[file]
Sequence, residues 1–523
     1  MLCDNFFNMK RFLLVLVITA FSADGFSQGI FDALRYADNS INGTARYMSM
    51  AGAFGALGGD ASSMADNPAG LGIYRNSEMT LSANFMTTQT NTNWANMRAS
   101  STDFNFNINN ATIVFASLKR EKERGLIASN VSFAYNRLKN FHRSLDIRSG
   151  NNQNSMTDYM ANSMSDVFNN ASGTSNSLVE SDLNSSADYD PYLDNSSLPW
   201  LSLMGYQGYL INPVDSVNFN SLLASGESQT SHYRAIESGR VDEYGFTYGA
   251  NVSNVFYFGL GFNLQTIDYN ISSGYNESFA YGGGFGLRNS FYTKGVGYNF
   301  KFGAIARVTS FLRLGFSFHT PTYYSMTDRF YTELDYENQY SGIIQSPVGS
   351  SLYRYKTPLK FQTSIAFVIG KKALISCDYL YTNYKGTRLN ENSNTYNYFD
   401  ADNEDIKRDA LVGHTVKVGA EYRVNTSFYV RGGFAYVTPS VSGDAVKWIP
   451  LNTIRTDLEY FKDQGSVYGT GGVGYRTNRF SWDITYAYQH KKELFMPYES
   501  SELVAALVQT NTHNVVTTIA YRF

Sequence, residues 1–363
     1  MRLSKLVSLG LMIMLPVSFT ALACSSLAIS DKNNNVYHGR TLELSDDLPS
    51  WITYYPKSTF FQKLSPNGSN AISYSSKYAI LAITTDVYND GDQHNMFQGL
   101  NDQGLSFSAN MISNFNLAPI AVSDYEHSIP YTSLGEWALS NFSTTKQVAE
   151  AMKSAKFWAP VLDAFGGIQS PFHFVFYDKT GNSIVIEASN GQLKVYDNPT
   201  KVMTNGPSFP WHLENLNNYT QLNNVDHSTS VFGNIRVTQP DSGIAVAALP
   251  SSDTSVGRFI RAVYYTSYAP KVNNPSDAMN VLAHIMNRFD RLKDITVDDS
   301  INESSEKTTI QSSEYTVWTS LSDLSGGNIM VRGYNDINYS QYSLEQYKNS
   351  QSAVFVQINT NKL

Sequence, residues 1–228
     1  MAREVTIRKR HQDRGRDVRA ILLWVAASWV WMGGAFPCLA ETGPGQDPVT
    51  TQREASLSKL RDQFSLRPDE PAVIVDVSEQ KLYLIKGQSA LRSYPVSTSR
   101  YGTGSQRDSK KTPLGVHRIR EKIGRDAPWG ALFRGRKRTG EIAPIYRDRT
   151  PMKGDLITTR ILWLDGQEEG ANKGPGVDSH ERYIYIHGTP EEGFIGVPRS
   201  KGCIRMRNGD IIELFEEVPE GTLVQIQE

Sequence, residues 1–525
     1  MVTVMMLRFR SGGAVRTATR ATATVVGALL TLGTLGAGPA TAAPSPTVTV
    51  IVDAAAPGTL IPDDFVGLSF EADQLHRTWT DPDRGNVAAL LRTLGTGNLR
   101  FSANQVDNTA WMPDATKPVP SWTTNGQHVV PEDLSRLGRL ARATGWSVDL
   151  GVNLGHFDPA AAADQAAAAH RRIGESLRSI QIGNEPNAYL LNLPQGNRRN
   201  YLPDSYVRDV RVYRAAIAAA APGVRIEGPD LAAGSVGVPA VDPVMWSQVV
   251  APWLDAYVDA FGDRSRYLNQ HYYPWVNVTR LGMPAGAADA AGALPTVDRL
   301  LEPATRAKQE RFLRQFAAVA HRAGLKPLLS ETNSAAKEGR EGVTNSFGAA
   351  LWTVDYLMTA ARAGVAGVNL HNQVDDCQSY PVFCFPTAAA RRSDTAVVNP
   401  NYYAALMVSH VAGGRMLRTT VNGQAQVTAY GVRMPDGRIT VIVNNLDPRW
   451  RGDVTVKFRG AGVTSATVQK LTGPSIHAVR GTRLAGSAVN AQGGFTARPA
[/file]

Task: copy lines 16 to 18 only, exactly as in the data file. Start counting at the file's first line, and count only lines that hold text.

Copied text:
   101  NDQGLSFSAN MISNFNLAPI AVSDYEHSIP YTSLGEWALS NFSTTKQVAE
   151  AMKSAKFWAP VLDAFGGIQS PFHFVFYDKT GNSIVIEASN GQLKVYDNPT
   201  KVMTNGPSFP WHLENLNNYT QLNNVDHSTS VFGNIRVTQP DSGIAVAALP